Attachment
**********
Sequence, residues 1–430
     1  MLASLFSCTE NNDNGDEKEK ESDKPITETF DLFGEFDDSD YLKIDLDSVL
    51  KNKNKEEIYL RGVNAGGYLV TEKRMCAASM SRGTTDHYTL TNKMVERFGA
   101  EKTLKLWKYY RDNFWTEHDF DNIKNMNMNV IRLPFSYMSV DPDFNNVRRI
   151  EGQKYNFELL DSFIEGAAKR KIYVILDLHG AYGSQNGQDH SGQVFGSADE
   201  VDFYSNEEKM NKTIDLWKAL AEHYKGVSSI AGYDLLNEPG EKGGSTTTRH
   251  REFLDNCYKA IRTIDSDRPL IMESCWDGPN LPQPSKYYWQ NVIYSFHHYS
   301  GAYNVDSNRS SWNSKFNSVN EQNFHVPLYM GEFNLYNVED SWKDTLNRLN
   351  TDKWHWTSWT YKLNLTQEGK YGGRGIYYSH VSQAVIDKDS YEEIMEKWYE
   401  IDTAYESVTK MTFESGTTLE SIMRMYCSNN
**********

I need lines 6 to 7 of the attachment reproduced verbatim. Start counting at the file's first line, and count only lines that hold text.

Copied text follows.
   201  VDFYSNEEKM NKTIDLWKAL AEHYKGVSSI AGYDLLNEPG EKGGSTTTRH
   251  REFLDNCYKA IRTIDSDRPL IMESCWDGPN LPQPSKYYWQ NVIYSFHHYS